I met with Alberto Ruiz at the recent GNOME Summit in Boston, and we talked a bit about making some improvements to the GTK font chooser dialog. He had a cool prototype he shared with me and wanted to try to iterate to a good design trying a usability-based approach. (Yay! ) I promised him some work by the end of this week, so here it is.
Here’s the current GTK font selector UI:
Here’s the prototype Alberto coded up:
I started off by conducting a heuristic evaluation of both the current GTK font selector UI and Alberto’s prototype. The full heuristic evaluation is available on the GNOME wiki. What is a heuristic evaluation? It’s basically an usability expert walkthrough of an interface to compare it to a general set of heuristics, which are basically just best practices for interfaces. Honestly, it’s really just a fancy word for sanity-checking.
Next, I played around with some mockups that addressed some of the issues identified in the evaluation. I also added some ideas that Alberto and I had while discussing the project. Here’s one of the mockups; click it to see the full set:
There’s at least a couple issues still outstanding that the mockups don’t really address so well:
- The fonts are all presented in a flat list. I have several hundred if not over a thousand or so fonts installed on my machine. There are fonts of all different styles, character sets, intended usages, etc. It’s a lot to sift through. It’d be nice to see fonts by category or type instead. I have a really rough dumb mockup at the very bottom of the page as a first attempt to think of a way to address this, but, it’s terrible and has tons of problems.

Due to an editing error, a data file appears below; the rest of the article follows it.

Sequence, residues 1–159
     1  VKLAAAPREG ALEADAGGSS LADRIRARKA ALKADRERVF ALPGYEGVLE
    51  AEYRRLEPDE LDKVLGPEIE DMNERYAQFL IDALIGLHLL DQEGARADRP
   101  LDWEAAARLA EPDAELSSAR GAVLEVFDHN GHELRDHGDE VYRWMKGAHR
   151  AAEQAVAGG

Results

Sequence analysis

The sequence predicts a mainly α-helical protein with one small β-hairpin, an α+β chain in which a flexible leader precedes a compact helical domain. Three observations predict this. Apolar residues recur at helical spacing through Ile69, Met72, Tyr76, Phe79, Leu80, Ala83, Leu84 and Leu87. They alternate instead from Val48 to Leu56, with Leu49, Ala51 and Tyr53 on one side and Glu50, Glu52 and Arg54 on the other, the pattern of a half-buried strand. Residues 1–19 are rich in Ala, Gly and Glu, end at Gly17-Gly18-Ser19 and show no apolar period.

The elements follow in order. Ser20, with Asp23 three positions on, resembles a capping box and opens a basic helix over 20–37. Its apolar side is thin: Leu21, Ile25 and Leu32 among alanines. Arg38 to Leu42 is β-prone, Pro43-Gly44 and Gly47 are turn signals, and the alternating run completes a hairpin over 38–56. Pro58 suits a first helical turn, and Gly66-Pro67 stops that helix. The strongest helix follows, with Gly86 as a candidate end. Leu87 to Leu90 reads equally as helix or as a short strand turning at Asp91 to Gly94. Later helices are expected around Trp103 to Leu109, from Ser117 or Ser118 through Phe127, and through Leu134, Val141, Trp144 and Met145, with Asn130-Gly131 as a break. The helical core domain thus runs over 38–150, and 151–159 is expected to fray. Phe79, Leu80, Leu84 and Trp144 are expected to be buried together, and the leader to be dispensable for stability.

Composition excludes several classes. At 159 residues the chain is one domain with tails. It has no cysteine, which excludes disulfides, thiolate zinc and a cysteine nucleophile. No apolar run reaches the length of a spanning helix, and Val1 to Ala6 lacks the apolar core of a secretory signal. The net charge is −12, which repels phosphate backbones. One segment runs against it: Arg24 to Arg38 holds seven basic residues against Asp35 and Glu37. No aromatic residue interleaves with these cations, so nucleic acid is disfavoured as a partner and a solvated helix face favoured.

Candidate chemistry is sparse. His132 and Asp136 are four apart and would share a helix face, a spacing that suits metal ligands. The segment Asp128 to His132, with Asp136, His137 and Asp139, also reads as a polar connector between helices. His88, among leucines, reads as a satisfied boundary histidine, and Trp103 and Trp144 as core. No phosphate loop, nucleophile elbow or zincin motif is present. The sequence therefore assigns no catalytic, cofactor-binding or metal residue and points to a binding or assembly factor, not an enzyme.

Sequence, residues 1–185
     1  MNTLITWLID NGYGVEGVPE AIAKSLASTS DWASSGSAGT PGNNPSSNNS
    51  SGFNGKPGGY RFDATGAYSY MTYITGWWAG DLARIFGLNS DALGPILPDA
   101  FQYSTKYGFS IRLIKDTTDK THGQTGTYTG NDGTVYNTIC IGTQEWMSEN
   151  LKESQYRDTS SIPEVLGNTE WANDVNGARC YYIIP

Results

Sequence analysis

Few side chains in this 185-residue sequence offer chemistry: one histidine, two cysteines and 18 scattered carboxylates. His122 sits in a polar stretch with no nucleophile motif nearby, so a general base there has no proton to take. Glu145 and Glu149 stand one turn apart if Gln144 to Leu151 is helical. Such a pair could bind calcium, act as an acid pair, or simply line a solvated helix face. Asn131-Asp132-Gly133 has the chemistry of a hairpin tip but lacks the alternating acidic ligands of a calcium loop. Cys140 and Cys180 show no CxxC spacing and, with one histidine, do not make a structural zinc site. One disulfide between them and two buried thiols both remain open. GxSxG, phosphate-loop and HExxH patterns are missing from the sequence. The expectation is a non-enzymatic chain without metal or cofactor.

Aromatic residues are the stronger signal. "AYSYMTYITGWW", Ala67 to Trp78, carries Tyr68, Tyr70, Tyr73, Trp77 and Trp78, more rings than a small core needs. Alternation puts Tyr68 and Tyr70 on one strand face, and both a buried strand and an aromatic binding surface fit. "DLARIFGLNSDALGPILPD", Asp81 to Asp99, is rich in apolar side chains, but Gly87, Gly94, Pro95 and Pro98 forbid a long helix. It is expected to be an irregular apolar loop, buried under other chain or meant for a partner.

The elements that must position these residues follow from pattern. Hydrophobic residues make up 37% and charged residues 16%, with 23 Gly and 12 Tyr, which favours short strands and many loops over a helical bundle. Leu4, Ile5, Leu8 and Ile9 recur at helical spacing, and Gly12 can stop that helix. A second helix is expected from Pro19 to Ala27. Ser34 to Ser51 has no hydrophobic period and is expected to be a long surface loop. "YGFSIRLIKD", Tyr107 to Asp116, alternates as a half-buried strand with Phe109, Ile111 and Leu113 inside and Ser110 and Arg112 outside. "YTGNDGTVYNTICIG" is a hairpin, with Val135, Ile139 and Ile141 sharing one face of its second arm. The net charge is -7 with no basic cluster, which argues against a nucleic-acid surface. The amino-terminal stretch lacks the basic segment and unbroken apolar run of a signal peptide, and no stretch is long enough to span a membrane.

- A lot of times multiple fonts in the font chooser show up exactly the same for me. It gets confusing because then I don’t know what the ‘true’ name of the font is that I’m seeing in the preview. While it isn’t mocked up, one idea I had for this is that a little foot note: “This font is an alias of foofont” could appear in small type below the preview text box.
- To the point the text previews aren’t relevant to real-world type usage – we also had an idea for auto-generated phrases that, if you couldn’t think of what to type in the preview, it would fill in for you. Maybe phrases that would show off common character combinations. Not sure. I didn’t mock that up, though.
Anyway, probably the next step is for me and Alberto to haggle over the feasibility of this first cut at mocking things up and come up with a design he could then implement as a testable prototype. One thing we talked about at the summit is that he could write a toy text editor that uses the new font chooser prototype. Then, I could run some usability tests on it. I had a cool idea for the usability test – I could hand the users a poster design that used a few different fonts in different sizes and ask the users to reproduce the poster to their best ability. Based on the test, we could discover any lingering issues with the design and hopefully iterate to make it better.
These mockups aren’t pixel-perfect of course; they’re exploratory to try to convey some new ideas. (for example, I know the slider tickmarks are ugly right now.) What do you think?